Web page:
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No-frills internet for rural UK extended another year

The Better Broadband Scheme will continue subsidising internet access for people who are stuck with a slow connection.


The British countryside may be idyllic, but it's not always known for its speedy broadband.

Kathleen Craig

There are plenty of reasons to love the British countryside but broadband speed doesn't usually top the list. Fortunately for those in rural areas, a government scheme to help out internet slow spots has been extended for another year.

The Better Broadband Scheme is a subsidised broadband service from the Department for Digital, Culture, Media and Sport. It costs no more than £400 per year, and it's only suitable for homes and businesses that can't reach speeds of more than 2 megabits per second, can't be reached by faster commercial broadband services and aren't in a location where the government plans to roll out superfast broadband in the next 6 to 12 months.

Getting the internet to those hard-to-reach places is still an issue in most countries. Canada ruled that broadband should be considered a basic service in December 2016. Meanwhile Microsoft is working with "white space" to bring speedy internet to rural America.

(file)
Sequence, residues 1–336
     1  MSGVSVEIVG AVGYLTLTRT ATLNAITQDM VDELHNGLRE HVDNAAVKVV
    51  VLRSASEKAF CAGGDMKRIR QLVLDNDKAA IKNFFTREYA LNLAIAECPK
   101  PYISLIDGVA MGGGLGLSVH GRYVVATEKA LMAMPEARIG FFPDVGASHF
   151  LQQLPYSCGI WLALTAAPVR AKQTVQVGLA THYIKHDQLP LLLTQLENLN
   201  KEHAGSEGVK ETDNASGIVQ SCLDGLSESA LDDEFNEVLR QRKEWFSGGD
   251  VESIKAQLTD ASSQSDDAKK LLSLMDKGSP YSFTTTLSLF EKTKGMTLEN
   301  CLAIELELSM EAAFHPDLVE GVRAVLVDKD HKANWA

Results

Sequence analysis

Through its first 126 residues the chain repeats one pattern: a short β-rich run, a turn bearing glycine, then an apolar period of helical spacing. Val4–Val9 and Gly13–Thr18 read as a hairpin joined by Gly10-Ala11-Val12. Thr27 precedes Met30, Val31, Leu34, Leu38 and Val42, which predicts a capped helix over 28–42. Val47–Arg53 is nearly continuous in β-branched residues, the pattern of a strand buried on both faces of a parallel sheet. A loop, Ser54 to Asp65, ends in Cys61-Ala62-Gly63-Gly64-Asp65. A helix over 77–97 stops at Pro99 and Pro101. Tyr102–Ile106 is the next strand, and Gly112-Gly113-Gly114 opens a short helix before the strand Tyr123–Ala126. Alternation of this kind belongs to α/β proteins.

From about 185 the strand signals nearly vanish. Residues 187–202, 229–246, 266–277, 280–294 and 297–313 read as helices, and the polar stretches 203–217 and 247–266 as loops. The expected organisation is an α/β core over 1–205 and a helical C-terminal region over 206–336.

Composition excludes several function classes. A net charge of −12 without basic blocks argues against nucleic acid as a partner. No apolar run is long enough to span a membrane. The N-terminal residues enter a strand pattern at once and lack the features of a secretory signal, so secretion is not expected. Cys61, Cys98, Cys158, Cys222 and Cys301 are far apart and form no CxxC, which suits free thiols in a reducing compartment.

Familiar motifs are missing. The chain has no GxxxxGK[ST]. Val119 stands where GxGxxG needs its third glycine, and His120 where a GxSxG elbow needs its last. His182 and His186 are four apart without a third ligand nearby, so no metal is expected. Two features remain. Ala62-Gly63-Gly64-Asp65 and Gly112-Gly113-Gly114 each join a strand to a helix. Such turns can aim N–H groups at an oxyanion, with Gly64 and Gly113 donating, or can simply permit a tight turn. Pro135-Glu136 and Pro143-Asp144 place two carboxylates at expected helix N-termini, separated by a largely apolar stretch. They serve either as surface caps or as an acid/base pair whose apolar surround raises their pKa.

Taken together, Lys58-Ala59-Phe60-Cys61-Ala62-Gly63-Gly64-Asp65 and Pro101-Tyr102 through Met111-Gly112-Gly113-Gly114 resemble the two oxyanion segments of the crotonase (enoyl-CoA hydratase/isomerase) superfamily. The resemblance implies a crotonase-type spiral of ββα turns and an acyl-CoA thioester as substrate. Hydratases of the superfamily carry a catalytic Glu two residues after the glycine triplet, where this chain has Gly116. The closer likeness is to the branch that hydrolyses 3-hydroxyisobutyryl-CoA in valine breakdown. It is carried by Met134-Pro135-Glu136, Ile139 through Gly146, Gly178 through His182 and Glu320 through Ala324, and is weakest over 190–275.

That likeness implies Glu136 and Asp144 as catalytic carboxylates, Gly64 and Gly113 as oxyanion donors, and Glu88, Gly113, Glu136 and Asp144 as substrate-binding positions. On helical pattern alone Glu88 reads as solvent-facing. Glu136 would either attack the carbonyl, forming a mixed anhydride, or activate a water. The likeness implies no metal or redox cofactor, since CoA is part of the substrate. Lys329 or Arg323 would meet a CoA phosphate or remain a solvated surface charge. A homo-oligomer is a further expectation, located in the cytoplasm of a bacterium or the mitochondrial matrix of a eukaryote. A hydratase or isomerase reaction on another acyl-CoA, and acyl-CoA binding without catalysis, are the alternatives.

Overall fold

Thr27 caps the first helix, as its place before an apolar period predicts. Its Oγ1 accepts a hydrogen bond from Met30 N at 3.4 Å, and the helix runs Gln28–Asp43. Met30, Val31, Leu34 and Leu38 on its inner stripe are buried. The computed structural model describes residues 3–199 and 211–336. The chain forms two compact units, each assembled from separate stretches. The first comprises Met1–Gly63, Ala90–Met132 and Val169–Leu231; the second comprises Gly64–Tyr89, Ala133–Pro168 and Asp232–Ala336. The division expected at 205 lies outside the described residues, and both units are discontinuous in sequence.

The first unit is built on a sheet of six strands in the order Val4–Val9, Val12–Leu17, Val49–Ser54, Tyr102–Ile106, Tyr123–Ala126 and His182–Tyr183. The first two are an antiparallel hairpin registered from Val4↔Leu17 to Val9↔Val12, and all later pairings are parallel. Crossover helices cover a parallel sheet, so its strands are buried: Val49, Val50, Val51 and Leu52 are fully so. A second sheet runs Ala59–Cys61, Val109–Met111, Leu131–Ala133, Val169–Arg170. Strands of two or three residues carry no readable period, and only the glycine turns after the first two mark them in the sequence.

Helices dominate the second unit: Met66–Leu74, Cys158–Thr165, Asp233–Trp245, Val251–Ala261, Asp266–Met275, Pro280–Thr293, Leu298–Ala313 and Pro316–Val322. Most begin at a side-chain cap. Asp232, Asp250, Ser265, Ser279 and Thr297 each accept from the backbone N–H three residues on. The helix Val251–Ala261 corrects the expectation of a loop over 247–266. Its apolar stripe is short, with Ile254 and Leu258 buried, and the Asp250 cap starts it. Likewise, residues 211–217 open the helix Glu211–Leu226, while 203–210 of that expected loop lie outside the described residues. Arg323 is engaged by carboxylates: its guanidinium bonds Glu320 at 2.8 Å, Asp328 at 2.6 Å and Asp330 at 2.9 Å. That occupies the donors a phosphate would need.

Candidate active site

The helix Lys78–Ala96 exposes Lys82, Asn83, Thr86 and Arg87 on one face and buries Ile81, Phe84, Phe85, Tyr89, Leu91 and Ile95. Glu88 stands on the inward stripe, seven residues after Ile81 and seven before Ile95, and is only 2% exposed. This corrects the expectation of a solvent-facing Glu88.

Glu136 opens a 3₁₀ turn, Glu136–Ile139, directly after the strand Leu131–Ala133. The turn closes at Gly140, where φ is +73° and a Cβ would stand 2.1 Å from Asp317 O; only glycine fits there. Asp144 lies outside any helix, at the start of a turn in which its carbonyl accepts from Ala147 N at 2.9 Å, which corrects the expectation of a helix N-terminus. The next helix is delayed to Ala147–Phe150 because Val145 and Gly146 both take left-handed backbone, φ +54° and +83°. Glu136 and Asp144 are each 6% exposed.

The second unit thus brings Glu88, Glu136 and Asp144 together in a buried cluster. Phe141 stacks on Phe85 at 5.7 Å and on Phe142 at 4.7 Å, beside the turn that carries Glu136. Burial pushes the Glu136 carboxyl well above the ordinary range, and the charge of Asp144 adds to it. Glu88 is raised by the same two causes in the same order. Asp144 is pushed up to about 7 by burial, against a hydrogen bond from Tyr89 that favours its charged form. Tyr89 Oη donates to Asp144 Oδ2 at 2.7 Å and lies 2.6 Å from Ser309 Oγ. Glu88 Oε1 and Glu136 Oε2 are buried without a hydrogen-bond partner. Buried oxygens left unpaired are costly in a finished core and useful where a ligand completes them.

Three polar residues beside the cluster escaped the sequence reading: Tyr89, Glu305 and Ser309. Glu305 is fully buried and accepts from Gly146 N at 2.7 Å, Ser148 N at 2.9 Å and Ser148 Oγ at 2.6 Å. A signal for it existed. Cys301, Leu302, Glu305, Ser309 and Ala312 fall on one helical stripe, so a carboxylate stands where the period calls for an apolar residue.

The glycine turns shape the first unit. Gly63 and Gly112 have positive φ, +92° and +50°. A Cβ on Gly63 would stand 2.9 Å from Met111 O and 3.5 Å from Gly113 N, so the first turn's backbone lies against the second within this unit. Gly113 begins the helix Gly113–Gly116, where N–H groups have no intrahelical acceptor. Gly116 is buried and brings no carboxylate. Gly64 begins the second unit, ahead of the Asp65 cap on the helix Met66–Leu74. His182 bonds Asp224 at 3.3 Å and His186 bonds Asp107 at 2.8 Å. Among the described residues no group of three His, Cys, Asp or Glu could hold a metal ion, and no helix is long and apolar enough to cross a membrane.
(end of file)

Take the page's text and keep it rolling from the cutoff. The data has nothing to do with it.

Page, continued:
"There is still more to be done to get decent broadband to all and the Better Broadband Scheme helps people with the very worst broadband, to provide immediate assistance to those most in need. I'm delighted to say we are extending the scheme to help people in some of the most rural and hard to reach areas of the country," said Minister for Digital, Matt Hancock. 

The scheme is only recommended for people who can't get access to broadband in any other way. You're encouraged to research all of your available broadband options before applying since it could be possible to get a better deal from a broadband supplier if there's one that reaches you.

You can find out more if you're interested in applying for the scheme.

The Department for Digital, Culture, Media and Sport did not immediately respond to a request for further comment.